Thank you, Mr. Chairman. My name is Bill Cox, and I am here in two capacities: as the director of the Alliance for Conscience Rights, a national coalition of Catholic health care systems formed to address growing governmental discrimination against faith-based health care providers; and as CEO of the Sacramento-based Alliance of Catholic Health Care, which represents California’s 48 Catholic hospitals.
The nub of this morning’s conversation is about whether federal civil rights statutes, such as the Weldon Amendment, should include a private right of action. This would give the victims of private and governmental discrimination standing to adjudicate their claims in federal court.
I’ll briefly make four points: First, every federal civil rights law includes a private right of action, including the Administration’s new health care non-discrimination rule. The Weldon civil rights statute should include one as well. As a matter of fairness, when protecting a civil right, every American deserves their day in court. Second, this Congress has a duty to add a private right of action to Weldon, given that the Office for Civil Rights just stated that the Department of Justice believes the current Weldon remedy – the rescission of a state’s Labor-H funds – is unconstitutional under the Supreme Court’s NFIB v. Sebelius ruling. Thus, the OCR and DoJ have basically admitted that the executive branch will never enforce Weldon. Third, a Weldon private right of action would provide an alternative to rescinding a state’s federal health, education and other funds — billions of dollars that support programs for those who are struggling the most. We’re not interested in financially penalizing states that violate Weldon – our only interest is in bringing them into compliance with federal law. All we’re seeking is the legal status quo (Weldon) with an additional remedy (a private right of action). Fourth, the OCR’s recent refusal to uphold Weldon revealed another possible enforcement defect: health care insurers that are covered by Weldon, but ignore their clients’ conscience rights. California’s health plans acceded to the state’s abortion mandate and, therefore, do not believe they can honor their clients’ sincerely held moral convictions. Weldon should be clarified to ensure that purchasers of health insurance, who object to covering elective abortions, are never required to do so. Without that clarity, states, such as California and New York, will continue to discriminate against employers and health care providers that choose not to cover, pay for or provide elective abortions; and other states will inevitably follow their lead.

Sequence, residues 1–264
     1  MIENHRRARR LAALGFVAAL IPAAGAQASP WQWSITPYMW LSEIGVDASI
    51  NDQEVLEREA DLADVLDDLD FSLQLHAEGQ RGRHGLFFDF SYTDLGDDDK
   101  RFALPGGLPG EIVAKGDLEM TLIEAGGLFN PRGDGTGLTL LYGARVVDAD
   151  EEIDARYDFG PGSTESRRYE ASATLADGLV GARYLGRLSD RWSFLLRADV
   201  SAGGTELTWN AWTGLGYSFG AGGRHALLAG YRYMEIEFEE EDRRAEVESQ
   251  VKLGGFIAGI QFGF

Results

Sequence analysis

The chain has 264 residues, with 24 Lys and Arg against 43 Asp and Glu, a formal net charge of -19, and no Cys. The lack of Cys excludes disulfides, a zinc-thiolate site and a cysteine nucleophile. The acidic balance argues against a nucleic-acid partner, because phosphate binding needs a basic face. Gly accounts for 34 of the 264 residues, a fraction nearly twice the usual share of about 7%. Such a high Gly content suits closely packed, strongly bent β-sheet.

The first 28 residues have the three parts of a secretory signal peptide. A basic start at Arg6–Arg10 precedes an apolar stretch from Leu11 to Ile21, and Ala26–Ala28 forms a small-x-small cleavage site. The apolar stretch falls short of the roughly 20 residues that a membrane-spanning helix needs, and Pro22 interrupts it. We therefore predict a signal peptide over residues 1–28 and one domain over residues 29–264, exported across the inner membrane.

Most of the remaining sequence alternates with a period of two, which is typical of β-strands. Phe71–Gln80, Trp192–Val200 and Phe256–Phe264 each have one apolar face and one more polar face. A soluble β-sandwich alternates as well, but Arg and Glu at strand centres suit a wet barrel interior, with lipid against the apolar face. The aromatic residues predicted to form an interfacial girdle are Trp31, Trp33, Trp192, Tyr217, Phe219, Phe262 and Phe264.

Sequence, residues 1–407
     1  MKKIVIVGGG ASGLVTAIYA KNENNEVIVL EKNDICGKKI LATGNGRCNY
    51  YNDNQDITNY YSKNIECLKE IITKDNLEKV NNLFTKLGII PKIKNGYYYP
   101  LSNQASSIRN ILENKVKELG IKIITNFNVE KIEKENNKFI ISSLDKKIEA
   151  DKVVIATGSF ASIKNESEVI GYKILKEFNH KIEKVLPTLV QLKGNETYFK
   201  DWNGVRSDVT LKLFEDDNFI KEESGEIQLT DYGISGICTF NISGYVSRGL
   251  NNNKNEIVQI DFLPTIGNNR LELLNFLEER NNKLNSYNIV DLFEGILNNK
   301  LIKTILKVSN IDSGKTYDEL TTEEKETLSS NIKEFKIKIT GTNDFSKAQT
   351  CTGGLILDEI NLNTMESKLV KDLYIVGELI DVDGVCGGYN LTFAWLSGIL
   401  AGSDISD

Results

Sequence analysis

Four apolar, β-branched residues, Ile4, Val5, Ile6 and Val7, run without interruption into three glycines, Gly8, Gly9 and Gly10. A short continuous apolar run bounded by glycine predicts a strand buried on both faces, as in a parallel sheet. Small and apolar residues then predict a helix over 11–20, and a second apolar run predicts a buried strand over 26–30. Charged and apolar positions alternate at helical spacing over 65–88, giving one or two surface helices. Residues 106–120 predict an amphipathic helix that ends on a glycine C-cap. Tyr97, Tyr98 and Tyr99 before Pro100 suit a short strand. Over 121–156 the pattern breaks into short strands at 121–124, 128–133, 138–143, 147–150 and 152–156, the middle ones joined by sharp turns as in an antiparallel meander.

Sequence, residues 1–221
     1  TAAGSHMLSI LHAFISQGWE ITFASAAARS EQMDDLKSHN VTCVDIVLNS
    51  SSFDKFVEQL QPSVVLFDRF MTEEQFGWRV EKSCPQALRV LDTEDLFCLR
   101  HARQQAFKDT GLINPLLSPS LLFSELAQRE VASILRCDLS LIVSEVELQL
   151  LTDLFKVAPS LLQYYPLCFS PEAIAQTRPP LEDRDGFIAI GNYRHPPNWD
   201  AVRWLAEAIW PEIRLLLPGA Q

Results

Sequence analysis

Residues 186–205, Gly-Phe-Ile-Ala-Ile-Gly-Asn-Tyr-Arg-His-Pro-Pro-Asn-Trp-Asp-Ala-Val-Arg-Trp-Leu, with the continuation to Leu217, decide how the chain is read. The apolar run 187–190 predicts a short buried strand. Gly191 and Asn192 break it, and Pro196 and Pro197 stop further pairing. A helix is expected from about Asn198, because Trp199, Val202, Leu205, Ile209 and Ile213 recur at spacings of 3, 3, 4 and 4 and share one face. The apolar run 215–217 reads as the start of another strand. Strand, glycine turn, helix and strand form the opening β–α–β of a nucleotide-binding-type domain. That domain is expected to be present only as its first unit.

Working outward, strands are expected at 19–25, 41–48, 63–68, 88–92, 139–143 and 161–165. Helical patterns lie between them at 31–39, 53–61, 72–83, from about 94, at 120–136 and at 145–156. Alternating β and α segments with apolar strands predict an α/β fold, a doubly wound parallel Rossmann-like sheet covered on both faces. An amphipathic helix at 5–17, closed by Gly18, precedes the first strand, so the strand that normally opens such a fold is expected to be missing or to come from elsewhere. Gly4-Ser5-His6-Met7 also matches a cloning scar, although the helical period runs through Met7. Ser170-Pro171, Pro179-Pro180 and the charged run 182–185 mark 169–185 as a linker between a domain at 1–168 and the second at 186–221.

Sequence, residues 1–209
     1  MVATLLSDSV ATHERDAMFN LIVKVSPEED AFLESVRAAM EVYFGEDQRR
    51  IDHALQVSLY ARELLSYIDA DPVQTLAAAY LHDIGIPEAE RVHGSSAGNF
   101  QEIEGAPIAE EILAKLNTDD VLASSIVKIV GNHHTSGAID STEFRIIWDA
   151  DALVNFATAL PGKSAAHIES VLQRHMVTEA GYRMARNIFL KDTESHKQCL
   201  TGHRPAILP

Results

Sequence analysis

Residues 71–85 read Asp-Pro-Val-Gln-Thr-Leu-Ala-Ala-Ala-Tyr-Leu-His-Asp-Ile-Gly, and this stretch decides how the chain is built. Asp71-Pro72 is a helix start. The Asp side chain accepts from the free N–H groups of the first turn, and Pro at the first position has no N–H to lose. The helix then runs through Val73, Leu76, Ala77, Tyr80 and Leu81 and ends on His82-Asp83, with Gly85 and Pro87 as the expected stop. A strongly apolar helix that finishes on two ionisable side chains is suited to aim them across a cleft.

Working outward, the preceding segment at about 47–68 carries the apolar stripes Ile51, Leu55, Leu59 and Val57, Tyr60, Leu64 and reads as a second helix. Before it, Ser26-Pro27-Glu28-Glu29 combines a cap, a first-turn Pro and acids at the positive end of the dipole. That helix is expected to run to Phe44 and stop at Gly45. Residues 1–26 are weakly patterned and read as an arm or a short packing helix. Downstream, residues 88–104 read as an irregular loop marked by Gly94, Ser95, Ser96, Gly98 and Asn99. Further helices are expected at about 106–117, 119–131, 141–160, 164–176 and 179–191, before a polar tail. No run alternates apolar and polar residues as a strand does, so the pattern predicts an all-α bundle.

In conclusion, those opposed to enforcing Weldon allege two things: First, the growth of Catholic health care in states, such as Washington – where Catholic hospitals provide 40% of the acute care – is reducing access to abortion; and second, Catholic hospitals’ moral beliefs result in substandard emergency care to pregnant women. In respect to the first allegation, in 2013 the State of Washington’s Healthcare Research Group released a study showing that there has been no diminishment in access to abortion pursuant to the growth of Catholic hospitals in that state. In respect to the second allegation, numerous lawsuits claiming Catholic moral beliefs result in injury to patients have not withstood even preliminary challenges in the courts. And no state or federal regulatory authority has ever cited a Catholic hospital for providing substandard emergency care to a pregnant woman. If patients were actually injured in a hospital – any hospital – damages and malpractice claims would be filed immediately. In the instances alleged in these suits, none have been filed. The injury allegations made in them are not anchored in fact, but asserted solely for political reasons to tarnish Catholic hospitals’ sterling brand. Finally, and notwithstanding claims to the contrary, Catholic moral principles do not preclude Catholic hospitals from providing emergency contraception when treating rape victims. For example, in California 11 Catholic-affiliated hospitals are state-designated rape trauma centers and/or Sexual Assault Response Team (SART) sites.
Mr. Chairman, our nation is strengthened by faith-based hospitals that have been delivering care, consistent with their core convictions, for well over 150 years. This Congress needs to clarify and strengthen Dr. Weldon’s amendment to enable them to continue serving their patients and communities, free from governmental compulsion to violate their moral beliefs.